Gillian Merron, Chief Executive of the Board of Deputies of British Jews
The weeks leading up to the Six Day War in 1967 were not only anxious and traumatic for those living in Israel, but as conflict became increasingly inevitable, they were also tense times for the UK Jewish community.
Those old enough to remember the developing crisis in the Middle East will recall a genuine fear of Israeli defeat as Egyptian forces massed in the Sinai, ousting UN peacekeepers and closing the Straits of Tiran to Israeli shipping.
On May 24, all the major UK organisations endorsed a statement by the Board of Deputies calling on the British Government to take action to restore the Straits of Tiran as an international waterway.
There were rallies and demonstrations of support of Israel in London including one at Hyde Park featuring a speech by Israeli star Topol. Israel's ambassador to the UK told an emergency meeting of the Board of Deputies that Israel would not accept a "yellow star" solution to the crisis.
The British community were galvanised into action. They raised funds - around £2 million in two weeks - gave blood and many young people prepared to fly to Israel as volunteers in order to free Israelis to fight at the front line Around 1,700 eventually travelled to Israel. One, Stephen Gold tells his story here.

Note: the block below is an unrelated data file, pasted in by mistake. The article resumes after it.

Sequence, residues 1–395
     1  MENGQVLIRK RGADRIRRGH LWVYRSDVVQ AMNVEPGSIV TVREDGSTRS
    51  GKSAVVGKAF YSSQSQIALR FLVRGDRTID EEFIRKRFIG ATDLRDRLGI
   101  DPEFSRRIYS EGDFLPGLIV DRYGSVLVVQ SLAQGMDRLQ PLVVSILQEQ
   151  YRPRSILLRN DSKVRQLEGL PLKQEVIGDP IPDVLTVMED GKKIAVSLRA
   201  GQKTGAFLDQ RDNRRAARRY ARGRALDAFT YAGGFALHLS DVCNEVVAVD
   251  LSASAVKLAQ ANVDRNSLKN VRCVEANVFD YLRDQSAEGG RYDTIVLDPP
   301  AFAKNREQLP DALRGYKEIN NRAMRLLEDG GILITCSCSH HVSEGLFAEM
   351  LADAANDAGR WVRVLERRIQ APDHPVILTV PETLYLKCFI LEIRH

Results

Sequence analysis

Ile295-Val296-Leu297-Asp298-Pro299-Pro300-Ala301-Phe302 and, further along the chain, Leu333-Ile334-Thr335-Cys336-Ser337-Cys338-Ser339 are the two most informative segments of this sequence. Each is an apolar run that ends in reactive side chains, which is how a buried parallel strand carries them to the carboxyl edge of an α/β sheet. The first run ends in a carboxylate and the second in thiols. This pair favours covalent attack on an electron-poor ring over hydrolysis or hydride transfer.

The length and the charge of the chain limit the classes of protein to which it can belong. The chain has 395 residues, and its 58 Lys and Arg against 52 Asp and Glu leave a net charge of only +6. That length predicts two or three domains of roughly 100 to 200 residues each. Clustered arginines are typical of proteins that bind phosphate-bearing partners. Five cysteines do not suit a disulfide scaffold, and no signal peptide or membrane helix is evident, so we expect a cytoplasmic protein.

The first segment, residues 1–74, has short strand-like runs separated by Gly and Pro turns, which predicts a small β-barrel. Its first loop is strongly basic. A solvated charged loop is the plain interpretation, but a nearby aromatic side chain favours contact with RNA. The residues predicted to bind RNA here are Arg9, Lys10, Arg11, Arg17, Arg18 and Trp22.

The contrast between the tension in the weeks leading up to June 5 and the relief six days later as the Arab armies were pushed back and Jerusalem reunified, is hard to overstate. UK Jews who had feared for the country’s future were now filled with pride with the speed with which the young nation had secured its borders and devastated its enemies militarily. Coming only 22 years after the end of the Holocaust, the Six Day War gave our community a self-confidence and an optimism which had never been seen before.
Those not yet born in 1967 may find it difficult to full understand a time when Israel’s very existence was in question – certainly the leaders of Egypt, Syria and Jordan had little doubt that the Jews were about to be forced into the sea following a swift invasion. Israel is now militarily secure but young Israelis still serve in the armed forces and even now the population is ready to drop everything at a moment’s notice to defend their country from attack. But the sense of foreboding that the state and its supporters around the world felt at that time of crisis 50 years ago this month is something that we will hopefully never experience again.
This is the second in a series of blog posts by a variety of community organisations and professionals sharing their perspectives on the Six Day War.